In Re Paramount Fireproof Door Co., 43 F.2d 558 (E.D.N.Y. 1930)

US District Court for the Eastern District of New York - 43 F.2d 558 (E.D.N.Y. 1930)
October 6, 1930

43 F.2d 558 (1930)


No. 18663.

District Court, E. D. New York.

October 6, 1930.

*559 Henry W. Sykes, of New York City, for trustee in bankruptcy.

Adolph Axelrad, of New York City, for petitioner.

GALSTON, District Judge.

This matter comes before the court on a petition to review an order made by the learned referee in bankruptcy, restraining the petitioner, Kasamira Jacketo, from collecting a certain claim or debt owed to the bankrupt by the John W. Cowper Company of Buffalo, N. Y., which had been assigned by the bankrupt to the petitioner.

On an order to show cause procured on the application of the trustee, the matter was brought on before the referee. The affidavit in opposition to the order to show cause filed by the petitioner alleges that at the time the voluntary petition in bankruptcy was filed she was in sole possession and ownership of the debt due the bankrupt from the John W. Cowper Company; that she became the owner of the assignment in good faith and for a valuable consideration. She then denies the jurisdiction of the court for the making of any decree affecting the title to her assignment, except by a plenary suit. Nevertheless, the referee took testimony adduced by the trustee, and thereafter made the order now under review.

Essentially the question is whether the referee had the power to exercise jurisdiction to determine summarily the rights of the petitioner? If but a colorable claim was made, it appears reasonably clear that such power is vested in the referee, In re Norris (D. C.) 177 F. 598; In re Rathman (C. C. A.) 183 F. 913; Mueller v. Nugent, 184 U.S. 17, 22 S. Ct. 269, 46 L. Ed. 405, but it is one thing to concede that, and another to determine that the petitioner's claim is colorable within the meaning of the term used by the authorities.

In re Blum (C. C. A.) 202 F. 883, 884, it is said:

"The term `colorable' seems to have crept into the bankruptcy decisions without authority of statute, unless it be construed to mean merely that if a respondent sets up as facts, and not as conclusions of law, matters which, if true, would constitute a statement of an adverse claim, then the claim would be adverse and not colorable, and not within the jurisdiction of the referee. It can hardly have been the purpose of Congress to deprive a litigant of the benefit of a plenary hearing in cases involving the determination of contested questions of fact. Undoubtedly, one holding property of the bankrupt as an agent or bailee may be required summarily to turn it over to the trustee, and, in a proper case, to a receiver; but we are of the opinion that, whenever the facts alleged on their face disclose possession and a legal right in the party claiming title, the referee has no jurisdiction in a summary proceeding to require the property to be turned over without the consent of the respondent. * * *

"We are advised of no Supreme Court decision which recognizes jurisdiction of the District Court to deal summarily with the rights of one in possession and claiming title to property, as here, even though there be grave suspicions as to the bona fides of the claim."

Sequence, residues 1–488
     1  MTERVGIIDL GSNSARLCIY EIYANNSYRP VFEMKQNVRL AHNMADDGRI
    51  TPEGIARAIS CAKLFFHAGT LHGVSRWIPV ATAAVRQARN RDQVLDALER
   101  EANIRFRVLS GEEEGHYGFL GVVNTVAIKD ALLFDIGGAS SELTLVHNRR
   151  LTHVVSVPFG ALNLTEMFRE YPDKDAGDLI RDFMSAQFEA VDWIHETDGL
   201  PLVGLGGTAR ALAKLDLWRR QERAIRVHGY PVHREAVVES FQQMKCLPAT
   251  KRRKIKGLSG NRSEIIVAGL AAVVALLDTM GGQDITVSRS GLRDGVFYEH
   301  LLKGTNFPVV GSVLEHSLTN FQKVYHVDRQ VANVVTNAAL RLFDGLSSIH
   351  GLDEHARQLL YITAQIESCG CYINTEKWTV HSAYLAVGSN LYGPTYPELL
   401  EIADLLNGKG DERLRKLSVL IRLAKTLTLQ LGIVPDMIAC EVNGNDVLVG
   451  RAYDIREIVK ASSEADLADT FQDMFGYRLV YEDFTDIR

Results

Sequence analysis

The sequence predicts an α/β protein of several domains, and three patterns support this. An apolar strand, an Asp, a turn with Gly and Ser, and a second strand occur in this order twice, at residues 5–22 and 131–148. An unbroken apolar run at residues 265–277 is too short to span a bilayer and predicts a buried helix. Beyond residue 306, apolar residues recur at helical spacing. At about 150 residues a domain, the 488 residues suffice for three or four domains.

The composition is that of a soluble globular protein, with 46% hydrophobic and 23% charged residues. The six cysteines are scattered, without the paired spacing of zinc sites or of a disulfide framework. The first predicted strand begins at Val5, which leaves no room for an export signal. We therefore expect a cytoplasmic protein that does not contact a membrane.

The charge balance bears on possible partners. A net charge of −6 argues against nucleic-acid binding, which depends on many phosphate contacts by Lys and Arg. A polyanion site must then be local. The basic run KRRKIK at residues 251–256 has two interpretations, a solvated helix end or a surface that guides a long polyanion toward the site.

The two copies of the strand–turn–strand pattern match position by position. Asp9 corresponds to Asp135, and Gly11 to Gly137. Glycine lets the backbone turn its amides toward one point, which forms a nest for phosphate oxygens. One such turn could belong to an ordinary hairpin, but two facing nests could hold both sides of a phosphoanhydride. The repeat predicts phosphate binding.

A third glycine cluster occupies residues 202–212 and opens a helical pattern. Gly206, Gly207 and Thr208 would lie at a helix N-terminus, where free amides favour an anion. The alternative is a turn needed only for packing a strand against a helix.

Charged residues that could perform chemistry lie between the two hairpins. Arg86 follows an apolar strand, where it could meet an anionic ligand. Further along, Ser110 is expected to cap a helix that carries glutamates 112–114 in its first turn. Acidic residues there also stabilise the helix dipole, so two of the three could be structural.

Now in the present case the referee found that, less than ten days prior to the adjudication in bankruptcy, the bankrupt had assigned its claim against the Cowper Company to the petitioner, as security for a certain promissory note in the amount of $500 made March 14, 1928. The note was not the note of the bankrupt but of officers of the bankrupt. The original assignment of the claim was thereafter filed with the Cowper Company, but not in the county clerk's office of the county of Putnam, N. Y., as required by section 15 of the New York Lien Law (Consol. Laws, c. 33).

From the evidence, the referee concluded that the note was not a debt of the bankrupt; that the assignment of the claim to the petitioner was without consideration; that the assignment was made not more than ten days before the adjudication; that the petitioner knew before she received the assignment that the bankrupt had not been able to pay its employees their full wages; and that, therefore, the assignment was void, of no effect against the trustees or the creditors of the bankrupt, and that the claim of the petitioner under her assignment was merely colorable.

It seems to me that the decision in the Blum case, cited above, would not classify the petitioner's claim as colorable. On the contrary she sets up an adverse claim. It may not be a sound claim, but in her affidavit, denying the jurisdiction of the court, she avers that the claim was assigned to her in good faith and for a valuable consideration. She holds property ostensibly not as bailee or agent of the bankrupt, but adversely to *560 the bankrupt. She should certainly have an opportunity to prove those facts and not be forced in a summary proceeding to have her rights determined.

Now it may be that the petitioner's assignment is worthless. It is entirely possible that, when the facts are fully known, the assignment should have been recorded in the county clerk's office in Putnam county; likewise it is entirely possible that the petitioner received the assignment knowing full well at the time that the bankrupt was insolvent, and that the assignment was made with the intention of preferring her. However, the facts in respect to these matters she is entitled to have adjudged in a direct suit.

The order of the referee herein may be vacated. Settle order on notice.